Small satellite industry predicted to blossom


Readers!
 
For many reasons, mostly political but partly ethical, I do not use Google, Facebook, Twitter. They practice corrupt business policies, while targeting conservative websites for censoring, facts repeatedly confirmed by news stories and by my sense that Facebook has taken action to prevent my readers from recommending Behind the Black to their friends.
 
Thus, I must have your direct support to keep this webpage alive. Not only does the money pay the bills, it gives me the freedom to speak honestly about science and culture, instead of being forced to write it as others demand.

 

Please consider donating by giving either a one-time contribution or a regular subscription, as outlined in the tip jar below.


 

Regular readers can support Behind The Black with a contribution via paypal:

Or with a subscription with regular donations from your Paypal or credit card account:


If Paypal doesn't work for you, you can support Behind The Black directly by sending your donation by check, payable to Robert Zimmerman, to
 
Behind The Black
c/o Robert Zimmerman
P.O.Box 1262
Cortaro, AZ 85652

 

You can also support me by buying one of my books, as noted in the boxes interspersed throughout the webpage. And if you buy the books through the ebookit links, I get a larger cut and I get it sooner.

The competition heats up: An industry study now predicts that more than 500 small satellites, including nanosats, cubesats, microsats, and minisats, will be launched in the next five years.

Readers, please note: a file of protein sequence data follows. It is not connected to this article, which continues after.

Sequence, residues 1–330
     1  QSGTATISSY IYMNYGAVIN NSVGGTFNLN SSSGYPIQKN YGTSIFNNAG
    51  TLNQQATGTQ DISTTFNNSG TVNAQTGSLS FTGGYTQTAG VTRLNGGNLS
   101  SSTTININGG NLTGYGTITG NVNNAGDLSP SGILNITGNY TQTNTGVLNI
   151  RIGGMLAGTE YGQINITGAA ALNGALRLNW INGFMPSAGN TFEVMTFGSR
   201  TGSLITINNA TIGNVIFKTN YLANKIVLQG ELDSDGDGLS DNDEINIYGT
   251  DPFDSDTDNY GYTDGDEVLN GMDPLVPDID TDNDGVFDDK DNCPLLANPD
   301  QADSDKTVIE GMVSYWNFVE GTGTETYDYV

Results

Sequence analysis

Note however this important detail, highlighted below:

75% of the 510 satellites to be launched during the next five years will be for government civil and defense agencies. Growth in government demand will be stronger than in the commercial world where a total of 130 satellites are expected. “Large constellation projects such as those announced in 2014 by OneWeb and by SpaceX in association with Google have not been included in our forecasts/scenarios for launch by 2019,” said Rachel Villain, Principal Advisor at Euroconsult and Editor of the report. “Large constellation projects could, however, represent a very significant component of launches over the following five year period (2020-2024).” [emphasis mine]

Even though the predicted launches represent a two-thirds increase per year compared to the previous decade, this launch rate does not include the big private constellations that appear almost certain to fly. In other words, all signs point to the possibility that we are about to see a real boom in the space industry.

Share

One comment

  • Exciting projection! More so for what they are leaving out, as you said. When we see private launches and commercial constellations driving the growth we’ll have more reasons to celebrate.

Leave a Reply

Your email address will not be published. Required fields are marked *